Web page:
In his weekly address, President Obama highlights the new rules he's proposing to ensure all hard-working Americans retire with dignity. Rough Cut (no reporter narration).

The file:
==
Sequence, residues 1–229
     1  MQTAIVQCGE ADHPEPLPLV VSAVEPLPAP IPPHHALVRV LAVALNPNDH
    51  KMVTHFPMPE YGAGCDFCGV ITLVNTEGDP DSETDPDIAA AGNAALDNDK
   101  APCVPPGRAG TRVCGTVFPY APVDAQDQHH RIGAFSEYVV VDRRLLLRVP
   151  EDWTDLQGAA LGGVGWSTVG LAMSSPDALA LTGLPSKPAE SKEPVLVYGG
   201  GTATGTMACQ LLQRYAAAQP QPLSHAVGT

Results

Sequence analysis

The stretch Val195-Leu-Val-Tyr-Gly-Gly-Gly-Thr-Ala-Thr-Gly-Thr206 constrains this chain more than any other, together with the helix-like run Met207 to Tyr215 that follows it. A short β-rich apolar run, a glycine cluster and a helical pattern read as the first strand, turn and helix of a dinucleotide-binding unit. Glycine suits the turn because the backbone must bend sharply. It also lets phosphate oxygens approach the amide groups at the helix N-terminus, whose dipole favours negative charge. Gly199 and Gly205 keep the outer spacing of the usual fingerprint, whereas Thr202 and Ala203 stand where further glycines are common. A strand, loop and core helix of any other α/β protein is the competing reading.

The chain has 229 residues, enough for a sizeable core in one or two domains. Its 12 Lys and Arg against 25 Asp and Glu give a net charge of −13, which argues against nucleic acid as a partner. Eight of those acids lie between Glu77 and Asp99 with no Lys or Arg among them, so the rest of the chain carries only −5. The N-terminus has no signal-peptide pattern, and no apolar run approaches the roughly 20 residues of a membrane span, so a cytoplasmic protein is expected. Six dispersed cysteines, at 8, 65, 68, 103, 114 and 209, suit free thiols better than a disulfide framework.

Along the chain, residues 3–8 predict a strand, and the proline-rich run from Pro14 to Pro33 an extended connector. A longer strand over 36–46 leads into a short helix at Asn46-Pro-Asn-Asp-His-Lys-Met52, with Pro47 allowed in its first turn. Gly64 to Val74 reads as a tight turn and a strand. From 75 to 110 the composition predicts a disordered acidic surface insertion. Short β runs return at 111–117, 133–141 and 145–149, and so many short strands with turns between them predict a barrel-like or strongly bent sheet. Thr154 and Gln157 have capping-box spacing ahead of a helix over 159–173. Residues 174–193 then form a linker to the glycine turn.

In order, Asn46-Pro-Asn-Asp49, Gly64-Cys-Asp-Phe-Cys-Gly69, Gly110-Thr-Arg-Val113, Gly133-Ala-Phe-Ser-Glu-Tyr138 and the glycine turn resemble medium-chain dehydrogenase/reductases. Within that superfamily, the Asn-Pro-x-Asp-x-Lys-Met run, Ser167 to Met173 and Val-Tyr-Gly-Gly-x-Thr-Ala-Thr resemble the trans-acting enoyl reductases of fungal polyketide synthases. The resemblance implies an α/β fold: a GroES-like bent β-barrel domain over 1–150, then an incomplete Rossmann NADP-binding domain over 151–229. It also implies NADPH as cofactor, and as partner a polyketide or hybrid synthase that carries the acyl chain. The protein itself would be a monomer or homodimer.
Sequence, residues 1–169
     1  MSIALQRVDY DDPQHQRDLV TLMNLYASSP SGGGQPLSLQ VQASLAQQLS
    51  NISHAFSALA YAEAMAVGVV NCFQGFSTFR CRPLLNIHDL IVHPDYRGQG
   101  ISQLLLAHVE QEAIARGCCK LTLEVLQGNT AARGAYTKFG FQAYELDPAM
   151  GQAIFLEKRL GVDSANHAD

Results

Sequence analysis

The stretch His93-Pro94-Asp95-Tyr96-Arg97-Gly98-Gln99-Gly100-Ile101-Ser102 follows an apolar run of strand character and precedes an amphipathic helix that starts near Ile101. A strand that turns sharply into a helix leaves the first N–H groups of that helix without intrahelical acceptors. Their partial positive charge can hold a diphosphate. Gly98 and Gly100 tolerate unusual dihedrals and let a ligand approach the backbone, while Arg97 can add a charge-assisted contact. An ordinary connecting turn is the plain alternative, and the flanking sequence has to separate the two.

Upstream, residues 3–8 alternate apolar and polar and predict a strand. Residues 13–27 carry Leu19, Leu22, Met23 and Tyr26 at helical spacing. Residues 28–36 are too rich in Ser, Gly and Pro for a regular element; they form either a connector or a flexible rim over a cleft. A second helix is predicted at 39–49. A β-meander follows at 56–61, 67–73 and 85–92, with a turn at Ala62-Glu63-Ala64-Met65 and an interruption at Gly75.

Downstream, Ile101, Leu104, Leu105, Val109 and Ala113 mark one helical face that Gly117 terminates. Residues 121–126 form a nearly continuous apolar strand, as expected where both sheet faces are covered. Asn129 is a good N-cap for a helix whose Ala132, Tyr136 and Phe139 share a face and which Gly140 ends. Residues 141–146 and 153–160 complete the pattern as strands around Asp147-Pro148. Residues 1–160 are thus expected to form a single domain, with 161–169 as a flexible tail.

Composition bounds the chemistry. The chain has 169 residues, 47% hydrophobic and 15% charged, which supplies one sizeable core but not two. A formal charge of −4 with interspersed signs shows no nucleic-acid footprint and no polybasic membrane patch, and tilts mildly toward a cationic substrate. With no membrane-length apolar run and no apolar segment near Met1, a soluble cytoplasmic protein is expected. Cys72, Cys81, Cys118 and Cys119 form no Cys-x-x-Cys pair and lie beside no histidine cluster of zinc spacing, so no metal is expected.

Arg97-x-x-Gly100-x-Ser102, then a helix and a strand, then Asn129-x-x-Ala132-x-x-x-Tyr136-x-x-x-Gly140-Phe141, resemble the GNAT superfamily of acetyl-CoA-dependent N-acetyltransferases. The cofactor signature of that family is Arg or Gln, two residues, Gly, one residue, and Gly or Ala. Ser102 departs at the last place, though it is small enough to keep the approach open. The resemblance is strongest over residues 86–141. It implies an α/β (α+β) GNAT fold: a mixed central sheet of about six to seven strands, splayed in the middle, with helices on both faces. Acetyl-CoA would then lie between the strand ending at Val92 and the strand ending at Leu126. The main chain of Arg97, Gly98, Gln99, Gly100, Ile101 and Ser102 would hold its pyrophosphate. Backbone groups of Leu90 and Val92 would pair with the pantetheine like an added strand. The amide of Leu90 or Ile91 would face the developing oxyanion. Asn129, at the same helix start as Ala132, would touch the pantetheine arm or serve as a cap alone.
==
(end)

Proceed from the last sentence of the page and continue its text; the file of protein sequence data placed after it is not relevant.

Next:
ROUGH CUT (NO REPORTER NARRATION) President Obama used his weekly address to focus on new rules he's proposing to ensure all hard-working Americans retire with dignity. The proposed rules take aim at U.S. brokers and financial advisers to reduce conflicts of interest and "hidden fees" that cost Americans billions of dollars in retirement savings every year. In proposing the rules, Obama said he sought to protect Americans from being steered into costly retirement investments that produced high commissions for brokers but low returns for investors preparing for retirement. "Right now, there are no rules of the road. Many financial advisers put their clients' interest first - but some financial advisers get backdoor payments and hidden fees in exchange for steering people into bad investments," Obama said. The White House said the proposals target fees and payments that on average lead to a full percentage point lower annual return on retirement savings at a cost to Americans of $17 billion a year. "Middle-class families cannot afford to lose their hard earned savings after a lifetime of work. They deserve to be treated with fairness and respect. And that's what this rule would do," Obama said. The proposal is opposed by many Republicans, financial firms and some of Obama's fellow Democrats who fear the plan will limit retirement products available to investors and curb brokers' compensation.